Twenty years ago, 9/11 helped direct the careers of University of Nebraska–Lincoln faculty members Christine Wittich and Tyler White.
On Sept. 11, 2001, alumnus Tyler White was a junior on campus, preparing for a career in political science with an interest in national security. Christine Wittich was in eighth grade, preparing to choose a high school in New York City. That day, their sense of freedom and safety was shaken by the attacks on the Twin Towers.
Today, Wittich, an assistant professor of civil and environmental engineering, studies building safety and has won numerous awards for her work in structural engineering. White, associate professor of practice in political science, has launched and directs the award-winning National Security Studies program at Nebraska.
On 9/11, Wittich was 12 years old and attending middle school in Staten Island, New York City. About to enter high school, Wittich and her peers were looking forward to choosing from high schools across the city and welcoming the freedom that would come with their student MetroCards.
Their excitement and anticipation was shaken when terrorists attacked their city.
“It was a harsh reality. All of a sudden you realize you’re not in this perfectly safe bubble,” she said. “It definitely made you feel like you needed to grow up a little bit faster. We realized that the rest of the world is a reality that we need to consider.”
The attack’s repercussions caused Wittich to re-consider her high school options, as well as her sense of safety.
“Seeing the struggle that it took so many people just to get back to their families, that really put things in perspective,” Wittich said. “I asked myself, ‘Do you really want to travel that far to go to high school or might it be better to kind of stay a little bit closer?’”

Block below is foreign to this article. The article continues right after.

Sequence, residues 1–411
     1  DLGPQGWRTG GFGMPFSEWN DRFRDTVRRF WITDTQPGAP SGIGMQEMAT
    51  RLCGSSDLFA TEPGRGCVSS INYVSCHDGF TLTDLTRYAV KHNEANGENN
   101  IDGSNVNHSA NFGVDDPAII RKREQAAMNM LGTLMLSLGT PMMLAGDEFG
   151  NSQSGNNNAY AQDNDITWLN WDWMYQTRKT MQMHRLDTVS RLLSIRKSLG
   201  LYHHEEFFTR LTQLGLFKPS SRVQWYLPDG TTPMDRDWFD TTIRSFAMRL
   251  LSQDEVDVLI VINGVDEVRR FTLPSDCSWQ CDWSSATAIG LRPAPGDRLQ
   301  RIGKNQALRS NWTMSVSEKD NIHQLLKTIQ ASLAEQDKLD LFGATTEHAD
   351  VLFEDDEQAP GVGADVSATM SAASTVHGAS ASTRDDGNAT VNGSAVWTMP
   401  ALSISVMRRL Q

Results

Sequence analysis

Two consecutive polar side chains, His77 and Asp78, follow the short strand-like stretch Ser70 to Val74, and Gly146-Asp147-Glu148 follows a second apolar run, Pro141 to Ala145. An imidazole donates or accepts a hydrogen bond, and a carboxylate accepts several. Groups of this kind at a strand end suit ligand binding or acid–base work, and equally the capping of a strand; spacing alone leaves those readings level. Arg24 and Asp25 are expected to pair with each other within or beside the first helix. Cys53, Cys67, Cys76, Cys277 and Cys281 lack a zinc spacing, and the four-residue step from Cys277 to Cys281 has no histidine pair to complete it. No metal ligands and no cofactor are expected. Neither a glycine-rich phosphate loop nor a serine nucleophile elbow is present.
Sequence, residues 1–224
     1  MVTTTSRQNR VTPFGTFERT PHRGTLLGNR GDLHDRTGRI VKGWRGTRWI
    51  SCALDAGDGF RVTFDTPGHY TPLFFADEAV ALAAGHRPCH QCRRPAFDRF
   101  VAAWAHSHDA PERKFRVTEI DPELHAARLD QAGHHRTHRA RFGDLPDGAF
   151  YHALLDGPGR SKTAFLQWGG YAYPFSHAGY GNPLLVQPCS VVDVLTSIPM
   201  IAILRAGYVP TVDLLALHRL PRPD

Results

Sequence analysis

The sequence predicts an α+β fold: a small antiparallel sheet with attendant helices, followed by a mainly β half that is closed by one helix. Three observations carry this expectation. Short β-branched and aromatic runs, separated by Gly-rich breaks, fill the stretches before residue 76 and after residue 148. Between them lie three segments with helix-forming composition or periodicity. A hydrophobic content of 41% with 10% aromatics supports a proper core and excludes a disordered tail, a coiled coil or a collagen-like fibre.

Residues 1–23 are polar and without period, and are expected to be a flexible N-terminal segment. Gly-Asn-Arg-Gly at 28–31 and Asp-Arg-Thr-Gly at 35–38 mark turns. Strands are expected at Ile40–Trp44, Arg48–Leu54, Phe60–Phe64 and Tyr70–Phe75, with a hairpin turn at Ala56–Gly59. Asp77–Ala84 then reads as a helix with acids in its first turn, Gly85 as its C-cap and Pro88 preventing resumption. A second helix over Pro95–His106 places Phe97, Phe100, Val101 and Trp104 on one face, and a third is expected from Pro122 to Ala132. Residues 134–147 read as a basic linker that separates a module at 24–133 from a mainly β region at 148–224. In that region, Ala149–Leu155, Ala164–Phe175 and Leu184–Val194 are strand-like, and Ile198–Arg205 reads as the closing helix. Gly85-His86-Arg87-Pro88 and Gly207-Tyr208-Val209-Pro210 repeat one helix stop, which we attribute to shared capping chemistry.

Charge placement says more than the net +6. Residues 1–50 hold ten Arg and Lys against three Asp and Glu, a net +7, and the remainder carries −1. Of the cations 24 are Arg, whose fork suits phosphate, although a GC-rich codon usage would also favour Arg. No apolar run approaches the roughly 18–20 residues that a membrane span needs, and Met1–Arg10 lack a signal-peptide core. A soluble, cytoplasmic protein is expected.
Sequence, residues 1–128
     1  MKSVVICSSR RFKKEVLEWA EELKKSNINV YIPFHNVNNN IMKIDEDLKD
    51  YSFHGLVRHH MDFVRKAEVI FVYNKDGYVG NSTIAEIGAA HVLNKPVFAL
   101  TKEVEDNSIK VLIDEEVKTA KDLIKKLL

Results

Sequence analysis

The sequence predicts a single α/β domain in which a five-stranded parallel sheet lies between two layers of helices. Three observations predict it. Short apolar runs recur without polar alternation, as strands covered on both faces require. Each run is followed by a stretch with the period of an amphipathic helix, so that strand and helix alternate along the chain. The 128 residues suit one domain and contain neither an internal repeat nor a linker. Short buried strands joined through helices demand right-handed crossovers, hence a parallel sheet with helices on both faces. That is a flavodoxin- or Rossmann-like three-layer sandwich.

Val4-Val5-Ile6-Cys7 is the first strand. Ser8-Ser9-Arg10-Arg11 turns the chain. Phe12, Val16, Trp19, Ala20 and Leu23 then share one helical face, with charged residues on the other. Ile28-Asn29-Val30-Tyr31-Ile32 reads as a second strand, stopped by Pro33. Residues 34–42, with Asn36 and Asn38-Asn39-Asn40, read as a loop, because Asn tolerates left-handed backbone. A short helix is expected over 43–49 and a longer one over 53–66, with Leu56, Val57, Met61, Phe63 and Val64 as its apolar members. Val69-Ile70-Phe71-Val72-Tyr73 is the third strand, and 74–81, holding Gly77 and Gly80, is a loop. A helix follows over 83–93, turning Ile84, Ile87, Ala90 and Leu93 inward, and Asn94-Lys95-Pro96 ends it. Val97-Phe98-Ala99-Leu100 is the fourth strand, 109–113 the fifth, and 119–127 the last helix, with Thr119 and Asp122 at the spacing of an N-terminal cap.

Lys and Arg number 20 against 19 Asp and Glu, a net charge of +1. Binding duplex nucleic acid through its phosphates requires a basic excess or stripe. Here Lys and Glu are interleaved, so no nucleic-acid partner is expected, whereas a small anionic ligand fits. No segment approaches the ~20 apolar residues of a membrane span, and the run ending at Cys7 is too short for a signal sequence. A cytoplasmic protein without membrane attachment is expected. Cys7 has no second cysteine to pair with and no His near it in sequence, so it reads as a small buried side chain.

A crucial aspect of Wittich’s career in structural engineering, the idea of safety still sticks with her 20 years later.
“It’s pervasive. That’s the main goal of everything that we do as structural engineers is safety for everyone,” she said.
Wittich has researched building safety amidst natural hazards for the majority of her career. Her studies of the implosion of Cather-Pound Hall at the University of Nebraska-Lincoln have informed structural engineers on various aspects of collapse. Notably, she found that in an event such as an earthquake, the collapse of one building increases the risk of collapse for surrounding buildings.
Currently, Wittich is focusing her research on rural community resiliency from natural hazards such as severe wind storms to protect the agricultural economy.
Wittich recalls choosing to study structural engineering in high school. She saw a way to merge her success in STEM courses with her desire to keep communities safe.
“I knew that I wanted to do something impactful and that could help people and I think that some of that does stem from growing up in New York,” she said.
White was already studying national security when 9/11 occurred. A junior political science major, 9/11 changed his field of national security studies and led to the creation of the national security studies program. Now, he uses lessons learned from 9/11, Iraq and Afghanistan to prepare his students for careers in national security.
“9/11 was a national trauma but it also brought out a lot of really good things in people,” White said. “A lot of people signed up for the military and did amazing things for the country. For me, it sort of created this path forward where I realized that national security was something that I could also participate in.”